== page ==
What is ISO 55000 and Disciplined Real Property Asset Management?
ISO 55000 refers collectively to the following three standards:
- ISO 55000:2014 – Asset Management – Overview, Principles and Terminology
- ISO 55001:2014 – Asset Management – Management System – Requirements
- ISO 55002:2018 – Asset Management – Guidelines for the Application of ISO 55001
These voluntary consensus standards were co-developed by the United States through a Technical Advisory Group (US TAG) chartered by the American National Standards Institute (ANSI) and sponsored by the American Society for Testing and Materials (ASTM). Their purpose is to synthesize decades of study, best practice and experience from asset management experts around the world and define a comprehensive management system that would generate more value from assets at lower cost and risk.
Disciplined real property asset management applies ISO 55000 as a guide for agencies to develop better policies, processes and approaches to risk-based resourcing decision making. It covers management of real property life cycles and portfolios. In fact, ISO 55000 was born from the need of asset intensive public and private organizations to improve asset stewardship, and it fully aligns with OMB Circulars A-11 and A-123 requirements, guidance and aspirations. Further, ISO 55000 standards are objective and timeless able to support incrementally improvements in asset management capabilities over time.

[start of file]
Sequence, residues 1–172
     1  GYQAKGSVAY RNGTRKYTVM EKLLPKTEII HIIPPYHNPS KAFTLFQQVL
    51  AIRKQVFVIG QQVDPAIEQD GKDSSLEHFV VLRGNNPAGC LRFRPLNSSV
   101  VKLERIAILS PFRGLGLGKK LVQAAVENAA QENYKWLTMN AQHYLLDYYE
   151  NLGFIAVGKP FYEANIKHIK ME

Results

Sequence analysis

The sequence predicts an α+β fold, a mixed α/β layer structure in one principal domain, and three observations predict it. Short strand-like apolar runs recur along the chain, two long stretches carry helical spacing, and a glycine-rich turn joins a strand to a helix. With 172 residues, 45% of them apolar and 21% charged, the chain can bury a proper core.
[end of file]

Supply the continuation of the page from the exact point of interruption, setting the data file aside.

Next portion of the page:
Review of OMB Policy
OMB Circular A-11 establishes requirements for how an agency shall develop plans and budgets to achieve its authorized purpose. There are two target areas in OMB Circular A-11 relevant to advancing the recommendation in this paper. They are Part 6: The Federal Performance Framework for Improving Program and Service Delivery and the Capital Programming Guide. The other relevant OMB policy to this recommendation is OMB Circular A-123 in its support applying OMB Circular A-11 requirements.
OMB Circular A-11 – Part 6
Part 6 starts by emphasizing; “Federal managers have an important obligation to ensure that every dollar spent delivers results for the American people”. It goes on to develop criteria for a performance management framework to evaluate budget execution in alignment with an agency’s authorized purpose and strategic plan. There have been several significant developments to Part 6 in recent years noted in the callout box. This highlights it is an important and dynamic policy area. The recommendation made in this paper would add disciplined asset management to the list of recent advancements.